To get the free app, enter your email address or mobile phone number.
Sex, Drugs, and Cocoa Puffs: A Low Culture Manifesto Paperback – July 2, 2004
|New from||Used from|
"Grace & Style: The Art of Pretending You Have It"
Read the new book by bestselling author Grace Helbig. More by Grace Helbig.
Frequently Bought Together
Customers Who Bought This Item Also Bought
From Publishers Weekly
Copyright 2003 Reed Business Information, Inc. --This text refers to the Hardcover edition.
More About the Author
Top Customer Reviews
Pop culture references are sprinkled throughout the book, but sometimes it stretches a bit too much for the sake of a clever analogy. In the forward, Klosterman assserts that, at times, he feels as though "everything is completely connected." Unfortunately, he is not adept enough to make all of his essays into a cohesive whole (as other reviewers have noted). Ultimately, the book feels like a loose collection of unrelated but very funny skits. Although that debit doesn't sink the book, it does lessen its impact. In addition, Klosterman is sometimes too self-aware for his own good; several times, he makes reference to liking something "unironically" - such as "Saved by the Bell." His definitive goal seems to be achieving irony. While this credo certainly makes "Sex, Drugs, and Cocoa Puffs" a funny read, it can become rather tedious as well. Overall, I'd recommend this book, but with reservations.
Anyway, each chapter in this book contains a fairly self contained essay that is meant to examine a particular aspect of American culture as compared to, affected by, and/or resulting from a particular piece of pop culture. Unfortunately, Klosterman's understanding of most topics (both the deeper social topics he tries to explore and the actual pop culture references) is as superficial as his wit.
Basically, you could break the entire content of this book down into one sentence; stupid people emulate what they see on TV because they are often also shallow and because their lives suck. Add in about two hundred pages of topical references you won't understand unless you're between the ages of 30 - 35 and sentences along the lines of 'I'm not cool but here is what a cool, ironic person would say about this topic, which just happens to be the same opinion I hold, or maybe I don't' and you'll be readily prepared for the content of this book.
I only finished this book out of a sense of duty to the 9 dollars and 99 cents I spent to download this adolescent diatribe to my Nook. Klosterman's an intellectual lightweight with a Mohammad Ali sized personality, which is why the ideas in the book are forgettable , but the voice of the author sticks with you like gum on the bottom of your shoe. I felt like I was stuck in a room with Rush Limbaugh, if Rush Limbaugh was a tad funnier and a tad smarter but just as obnoxious, sexist, solipsistic, and frivolous.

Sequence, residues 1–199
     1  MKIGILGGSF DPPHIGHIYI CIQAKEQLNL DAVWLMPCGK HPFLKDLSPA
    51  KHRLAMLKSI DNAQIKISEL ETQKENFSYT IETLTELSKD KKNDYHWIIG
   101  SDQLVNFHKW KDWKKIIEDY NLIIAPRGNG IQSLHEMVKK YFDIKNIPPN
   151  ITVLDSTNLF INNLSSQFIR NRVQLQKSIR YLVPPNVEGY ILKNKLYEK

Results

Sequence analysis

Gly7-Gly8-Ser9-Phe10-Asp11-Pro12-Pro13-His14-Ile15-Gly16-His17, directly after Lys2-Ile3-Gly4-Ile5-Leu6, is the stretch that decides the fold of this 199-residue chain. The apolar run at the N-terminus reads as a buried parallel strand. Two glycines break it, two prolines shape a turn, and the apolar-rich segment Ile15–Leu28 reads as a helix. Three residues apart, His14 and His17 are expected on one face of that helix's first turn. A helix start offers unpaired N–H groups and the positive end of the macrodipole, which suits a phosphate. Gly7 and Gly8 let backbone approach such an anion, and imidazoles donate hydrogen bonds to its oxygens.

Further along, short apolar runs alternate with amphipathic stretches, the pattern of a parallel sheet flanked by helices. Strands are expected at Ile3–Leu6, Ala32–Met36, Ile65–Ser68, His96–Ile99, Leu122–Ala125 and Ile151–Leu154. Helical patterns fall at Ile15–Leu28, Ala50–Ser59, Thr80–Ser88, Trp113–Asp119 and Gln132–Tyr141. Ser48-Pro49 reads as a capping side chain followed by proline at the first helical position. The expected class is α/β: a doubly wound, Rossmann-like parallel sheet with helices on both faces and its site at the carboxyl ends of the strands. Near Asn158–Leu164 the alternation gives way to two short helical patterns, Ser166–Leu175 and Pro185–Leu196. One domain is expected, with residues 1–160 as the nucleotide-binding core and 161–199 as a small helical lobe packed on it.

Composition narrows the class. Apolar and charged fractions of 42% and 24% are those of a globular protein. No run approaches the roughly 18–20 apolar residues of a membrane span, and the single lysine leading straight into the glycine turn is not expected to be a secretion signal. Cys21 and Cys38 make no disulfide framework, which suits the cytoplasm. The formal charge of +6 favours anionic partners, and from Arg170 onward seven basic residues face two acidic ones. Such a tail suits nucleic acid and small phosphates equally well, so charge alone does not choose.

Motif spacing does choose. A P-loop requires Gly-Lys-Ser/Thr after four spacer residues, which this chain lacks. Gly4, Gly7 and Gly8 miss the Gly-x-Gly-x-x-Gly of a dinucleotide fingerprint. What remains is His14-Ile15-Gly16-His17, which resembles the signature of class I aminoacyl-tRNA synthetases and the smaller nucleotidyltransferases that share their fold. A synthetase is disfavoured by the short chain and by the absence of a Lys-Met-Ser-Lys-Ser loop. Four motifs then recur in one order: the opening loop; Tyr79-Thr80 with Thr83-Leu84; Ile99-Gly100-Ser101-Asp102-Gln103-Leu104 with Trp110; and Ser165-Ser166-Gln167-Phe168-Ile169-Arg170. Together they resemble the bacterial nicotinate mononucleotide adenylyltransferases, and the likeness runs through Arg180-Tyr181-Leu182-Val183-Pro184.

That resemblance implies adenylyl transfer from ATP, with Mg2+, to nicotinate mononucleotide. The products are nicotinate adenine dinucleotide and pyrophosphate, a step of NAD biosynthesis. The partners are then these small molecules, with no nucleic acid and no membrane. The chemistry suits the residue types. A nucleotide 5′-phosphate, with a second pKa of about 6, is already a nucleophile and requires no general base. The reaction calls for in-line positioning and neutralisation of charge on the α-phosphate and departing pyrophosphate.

Do not buy this book. Go to the book store, skim the essay about The Sims (which, like so many of these essays, already feels dated but, unlike the rest, is actually though-provoking), and move on with your life and your wallet.
The essays start out with brilliance (especially the first two, about romance and The Sims, respectively), but my interest in them fizzled out. There are a few bright points here and there in the remaining essays (the essay about serial killers and our fascination with them is dead on). There is no doubt Klosterman is an adept writer, can pinpoint emotions, and locate intermittently with a witty finger the pulse of certain social issues (like what the hell tribute bands are all about and WHY). But the tone in which he does so is sometimes reminiscent of...how shall I put it? A smart-ass thirty-year-old who thinks he is very clever with his observations, and justifies it by saying he is a Gen X'er and entitled to his lofty superiority. In other words, if you read Klosterman, you're just the type of person he'd look down on.
In trying to deconstruct pop culture, Klosterman sometimes comes across as believing himself an expert about everything American. He also has no qualms about insulting outright the very audience reading his book. Even though he jokes in the beginning that he writes these things late at night in a state of near-delirium, you still get the impression he thinks he is, as he might put it, the "uber-mensch".
Some of the essays are so specialized that I had absolutely no interest in reading them, and skipped right over them as I realized the entire essay was absorbed in deconstructing, say, basketball heroes. So I can't really say I enjoyed the entire book - some of it was unintelligible to me; hence, 3 stars (IMHO).Read more ›
Most Recent Customer Reviews
So I just ordered this as a gift, so now opinion on the book itself. However if you are ordering this, the book came in excellent condition, so that's good enough for me!Published 1 day ago by TheKuyke
At his best, Klosterman offers witty, funny, creative commentary on pop-culture. He's like the guy at a party who never stops talking about frivolous crap, yet, through the... Read morePublished 1 month ago by Abner Rosenweig
Just finished a second time the first time I read it and the second time I read it out loud to my wife which she also loved it. ThanksPublished 5 months ago by Steven V. Sinesi
purchased for a class for a freshman in college -18year olds are not familiar with any of the references in this book. It's meant for a 40 something to read!Published 6 months ago by Tonya Roberts